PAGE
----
Canadian ​corporations ​and ​individuals ​with ​business ​interests ​in ​the ​United ​States ​are ​often ​confused about ​when ​to ​file ​a ​U.S. ​tax ​return.

Canadian ​individuals ​providing ​services ​to ​U.S. ​customers ​or ​Canadian ​corporations ​engaged ​in ​a ​U.S. trade ​or ​business ​are ​required ​to ​file ​a ​U.S. ​tax ​return ​with ​both ​the ​Internal ​Revenue ​Service ​(IRS) ​and possibly ​U.S. ​states ​to ​report ​their ​income ​received ​from ​U.S. ​sources. ​This ​U.S. ​tax ​filing ​is ​in ​addition ​to the ​Canadian ​tax ​filing ​requirement ​of ​reporting ​worldwide ​income.

 

An ​individual ​who ​is ​not ​a ​U.S. ​citizen, ​U.S. ​resident ​alien ​or ​green ​card ​holder ​reports ​U.S. ​source ​income on ​Form ​1040NR, ​U.S. ​Nonresident ​Alien ​Income ​Tax ​Return. ​Canadian ​corporations ​providing ​goods ​or services ​into ​the ​U.S. ​report ​their ​U.S. ​source ​income ​using ​Form ​1120-F, U.S. ​Income ​Tax ​Return ​of ​a Foreign ​Corporation.

U.S. ​source ​income ​connected ​to ​a ​U.S. ​place ​of ​business ​is ​reported ​net ​of ​deductions and taxed ​at ​a graduated ​rate ​or ​at ​reduced rates ​under ​the ​Canada-U.S. ​income ​tax ​treaty. ​Passive ​U.S. ​income, ​such as ​dividends, ​are ​taxed ​at ​a ​flat ​tax ​rate.

For ​Canadian ​corporations ​doing ​business ​in ​the ​U.S., ​the ​type ​of ​U.S. ​tax ​return ​depends ​on ​whether ​their business ​is ​carried ​on ​in ​the ​U.S. ​through ​a permanent ​establishment. ​A ​permanent ​establishment is defined ​in ​Article ​V ​of the Canada-U.S. ​tax ​treaty as a place ​of ​management, ​branch, ​office, ​factory or workshop. It includes having ​a ​person physically located ​in ​the ​U.S. ​who ​exercises ​an ​authority ​in ​the
U.S. ​to ​conclude ​contracts ​for ​the ​corporation. ​It ​does ​not ​include either ​the ​mere ​purchase ​of ​goods ​or merchandise ​or ​the ​mere ​provision ​of ​executive, ​managerial ​or ​administrative ​facilities ​or ​services. Carrying ​on ​business ​in ​the ​U.S. ​through ​a ​permanent ​establishment ​requires ​the ​filing ​of ​a ​U.S. ​branch tax ​return, ​Form ​1120-F, ​and ​paying ​U.S. ​corporate ​tax ​on ​U.S. ​taxable ​income.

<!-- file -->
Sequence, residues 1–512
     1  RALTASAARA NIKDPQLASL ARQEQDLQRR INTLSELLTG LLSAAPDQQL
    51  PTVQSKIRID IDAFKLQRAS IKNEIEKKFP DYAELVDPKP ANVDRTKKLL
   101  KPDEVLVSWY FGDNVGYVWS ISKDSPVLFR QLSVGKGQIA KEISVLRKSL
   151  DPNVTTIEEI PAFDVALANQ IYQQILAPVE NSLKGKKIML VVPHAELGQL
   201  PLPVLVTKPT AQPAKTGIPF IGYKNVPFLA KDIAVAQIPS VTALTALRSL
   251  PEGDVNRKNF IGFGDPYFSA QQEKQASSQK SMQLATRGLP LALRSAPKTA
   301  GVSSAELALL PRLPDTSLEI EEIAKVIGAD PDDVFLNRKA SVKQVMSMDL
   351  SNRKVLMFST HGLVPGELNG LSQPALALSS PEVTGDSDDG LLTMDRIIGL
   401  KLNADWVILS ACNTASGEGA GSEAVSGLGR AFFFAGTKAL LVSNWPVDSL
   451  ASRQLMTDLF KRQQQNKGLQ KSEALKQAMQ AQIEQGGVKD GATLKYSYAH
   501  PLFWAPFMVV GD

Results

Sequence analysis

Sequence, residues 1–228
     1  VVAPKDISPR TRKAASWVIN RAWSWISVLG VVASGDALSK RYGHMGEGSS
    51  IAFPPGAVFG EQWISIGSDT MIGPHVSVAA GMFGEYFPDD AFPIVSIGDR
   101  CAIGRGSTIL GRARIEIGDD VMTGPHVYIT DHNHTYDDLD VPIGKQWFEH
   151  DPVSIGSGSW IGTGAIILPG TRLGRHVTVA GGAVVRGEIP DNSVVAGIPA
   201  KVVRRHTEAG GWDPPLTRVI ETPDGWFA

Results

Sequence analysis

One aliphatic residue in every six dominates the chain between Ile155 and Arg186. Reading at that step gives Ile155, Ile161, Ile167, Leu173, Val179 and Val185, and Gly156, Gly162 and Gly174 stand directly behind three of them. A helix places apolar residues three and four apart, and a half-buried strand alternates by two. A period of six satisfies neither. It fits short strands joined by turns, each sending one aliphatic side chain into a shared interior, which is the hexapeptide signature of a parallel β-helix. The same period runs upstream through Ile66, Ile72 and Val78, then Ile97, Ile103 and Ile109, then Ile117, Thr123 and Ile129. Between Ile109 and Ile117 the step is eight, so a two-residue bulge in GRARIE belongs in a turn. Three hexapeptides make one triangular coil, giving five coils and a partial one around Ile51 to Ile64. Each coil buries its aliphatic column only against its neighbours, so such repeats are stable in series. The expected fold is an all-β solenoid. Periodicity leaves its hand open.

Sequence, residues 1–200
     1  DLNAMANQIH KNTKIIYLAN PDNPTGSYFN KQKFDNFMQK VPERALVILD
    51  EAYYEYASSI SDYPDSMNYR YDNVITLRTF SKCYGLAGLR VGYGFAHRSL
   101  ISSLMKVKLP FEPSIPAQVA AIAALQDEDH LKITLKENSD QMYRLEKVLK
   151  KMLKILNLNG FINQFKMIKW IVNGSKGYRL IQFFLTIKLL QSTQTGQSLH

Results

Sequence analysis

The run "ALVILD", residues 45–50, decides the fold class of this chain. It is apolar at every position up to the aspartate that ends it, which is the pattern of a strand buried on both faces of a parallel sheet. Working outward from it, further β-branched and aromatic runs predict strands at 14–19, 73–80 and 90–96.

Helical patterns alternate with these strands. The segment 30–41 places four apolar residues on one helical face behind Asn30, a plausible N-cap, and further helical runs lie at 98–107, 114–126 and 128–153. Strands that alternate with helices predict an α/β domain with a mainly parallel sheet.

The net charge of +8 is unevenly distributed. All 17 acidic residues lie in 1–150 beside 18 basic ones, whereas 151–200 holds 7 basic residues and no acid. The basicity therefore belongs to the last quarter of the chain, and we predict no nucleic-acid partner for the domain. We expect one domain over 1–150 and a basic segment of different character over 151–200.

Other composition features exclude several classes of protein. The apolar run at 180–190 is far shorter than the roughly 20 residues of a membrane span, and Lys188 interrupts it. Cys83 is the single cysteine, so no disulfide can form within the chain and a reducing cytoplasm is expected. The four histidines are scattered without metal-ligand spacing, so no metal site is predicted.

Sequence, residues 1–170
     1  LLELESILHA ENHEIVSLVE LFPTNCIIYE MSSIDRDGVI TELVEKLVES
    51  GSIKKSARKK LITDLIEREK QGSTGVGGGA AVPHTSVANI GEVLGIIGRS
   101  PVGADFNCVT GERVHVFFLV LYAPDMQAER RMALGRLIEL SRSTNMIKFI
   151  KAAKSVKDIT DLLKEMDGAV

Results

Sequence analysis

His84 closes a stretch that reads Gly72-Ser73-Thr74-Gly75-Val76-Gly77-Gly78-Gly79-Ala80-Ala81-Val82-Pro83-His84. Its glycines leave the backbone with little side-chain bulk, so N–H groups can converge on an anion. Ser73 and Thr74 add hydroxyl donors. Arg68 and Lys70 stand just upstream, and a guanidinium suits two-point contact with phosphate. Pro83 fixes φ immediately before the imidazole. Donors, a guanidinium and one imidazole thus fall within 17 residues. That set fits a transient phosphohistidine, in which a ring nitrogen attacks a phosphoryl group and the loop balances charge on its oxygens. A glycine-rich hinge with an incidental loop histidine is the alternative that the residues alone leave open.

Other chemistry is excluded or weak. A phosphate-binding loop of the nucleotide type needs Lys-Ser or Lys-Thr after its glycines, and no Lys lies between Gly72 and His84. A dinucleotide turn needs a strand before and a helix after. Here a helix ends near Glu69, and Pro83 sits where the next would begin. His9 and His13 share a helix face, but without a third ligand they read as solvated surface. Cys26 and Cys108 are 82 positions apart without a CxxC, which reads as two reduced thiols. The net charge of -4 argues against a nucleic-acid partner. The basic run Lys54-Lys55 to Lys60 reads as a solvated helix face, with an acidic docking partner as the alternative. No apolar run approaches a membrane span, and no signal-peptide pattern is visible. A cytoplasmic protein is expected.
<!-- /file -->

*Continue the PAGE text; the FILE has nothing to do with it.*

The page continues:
Carrying ​on ​business ​in ​the ​U.S. ​without ​a ​permanent ​establishment ​requires ​the ​filing ​of ​a ​U.S. ​protective return, ​also ​Form ​1120-F, ​but ​in ​this ​case, ​it ​is ​a ​Treaty ​based ​tax ​filing. ​The ​return ​asserts ​to ​the ​IRS ​that although ​the ​Canadian ​company ​has ​U.S. ​source ​income, ​it ​meets ​an ​exception ​from ​U.S. ​taxation ​under provisions ​of ​the ​Canada-U.S. ​tax ​convention. ​Failure ​to ​file ​a ​Treaty ​protective ​return ​on ​time ​can ​result in ​significant ​U.S. ​penalties ​and ​the ​loss ​of ​the ​desired ​Treaty ​protection. ​Penalties ​are ​imposed ​on ​the gross ​U.S. ​revenues ​at ​a ​tax ​rate ​of ​30% ​without ​regard ​to ​any ​tax ​deductions.

Knowing ​whether ​your ​business ​has ​a ​permanent ​establishment ​is ​critical ​to ​filing ​the ​correct ​U.S. ​tax return. Where ​U.S. ​source ​income ​is ​taxable ​in ​the ​U.S., ​Canadian ​corporations ​and ​individuals ​can ​claim a ​foreign ​tax ​credit ​on ​their ​Canadian ​tax ​return ​for ​U.S. ​tax ​paid, ​thereby ​avoiding ​double ​taxation on ​U.S. source ​income.

A ​Canadian ​corporation ​that ​carries ​on ​business ​through ​a ​permanent ​establishment ​in ​the ​U.S ​must ​file Form ​1120-F ​by ​the ​15th ​day ​of ​the ​4th ​month ​after ​the ​end ​of ​its ​tax ​year. Assuming ​a ​year ​end ​of December ​31, ​the ​tax ​filing ​is ​due ​April ​15 ​of ​the ​following ​year.

A ​Canadian ​corporation ​carrying ​on ​business ​without ​a ​permanent ​establishment ​in ​the ​U.S. ​must ​file Form ​1120-F ​by ​the ​15th ​day ​of ​the ​6th ​month ​after ​the ​end ​of ​its ​tax ​year. ​A ​corporation ​with ​a ​year ​end of ​December ​31 ​must ​file ​a ​tax ​return ​on ​June ​15 ​of ​the ​following ​year.

An ​extension ​of ​time ​to ​file ​a ​tax ​return ​may ​be ​requested ​by ​the ​corporation. ​The ​request ​must ​be ​made by ​the ​original ​due ​date; ​the ​extended ​due ​date ​will ​be ​6 ​months ​after ​the ​original ​filing ​date ​for ​a corporation ​that ​carries ​on ​business ​through ​a ​permanent ​establishment and ​4 ​months ​after ​the ​original filing ​date ​for ​a ​corporation ​carrying ​on ​business ​without ​a ​permanent ​establishment.

An ​extension ​of ​time ​to ​file ​a ​tax ​return ​does ​not ​extend ​the ​time ​to ​pay ​a ​tax ​liability; ​the ​liability ​must ​be paid ​by ​the ​original ​due ​date.

Individuals ​who ​are ​non-U.S. ​persons ​or ​residents ​with ​U.S. ​source ​income ​are ​required ​to ​file ​U.S. ​tax returns ​by ​the ​June ​15 ​of ​the ​following ​year ​unless ​they ​have ​tax ​withholdings ​at ​source ​(ie. ​from employment ​income) ​in ​which ​case ​the ​filing ​deadline ​is ​April ​15.

All ​U.S. tax ​filers ​are required to ​have ​a ​taxpayer ​identification ​number. ​For ​individuals, ​this ​number ​is ​an Individual ​Taxpayer ​Identification ​Number ​and ​can ​be ​obtained ​by ​filing ​Form ​W-7. ​For ​corporations, ​this number ​is ​an ​Employer ​Identification ​Number and ​can ​be ​obtained ​by ​filing ​Form ​SS-4. ​Once ​a ​number ​is
assigned, ​the ​IRS ​will ​process ​the ​tax ​return.

Interested ​in ​learning ​more ​about ​filing ​U.S. ​tax ​returns? Contact ​us!

Thanks for sharing!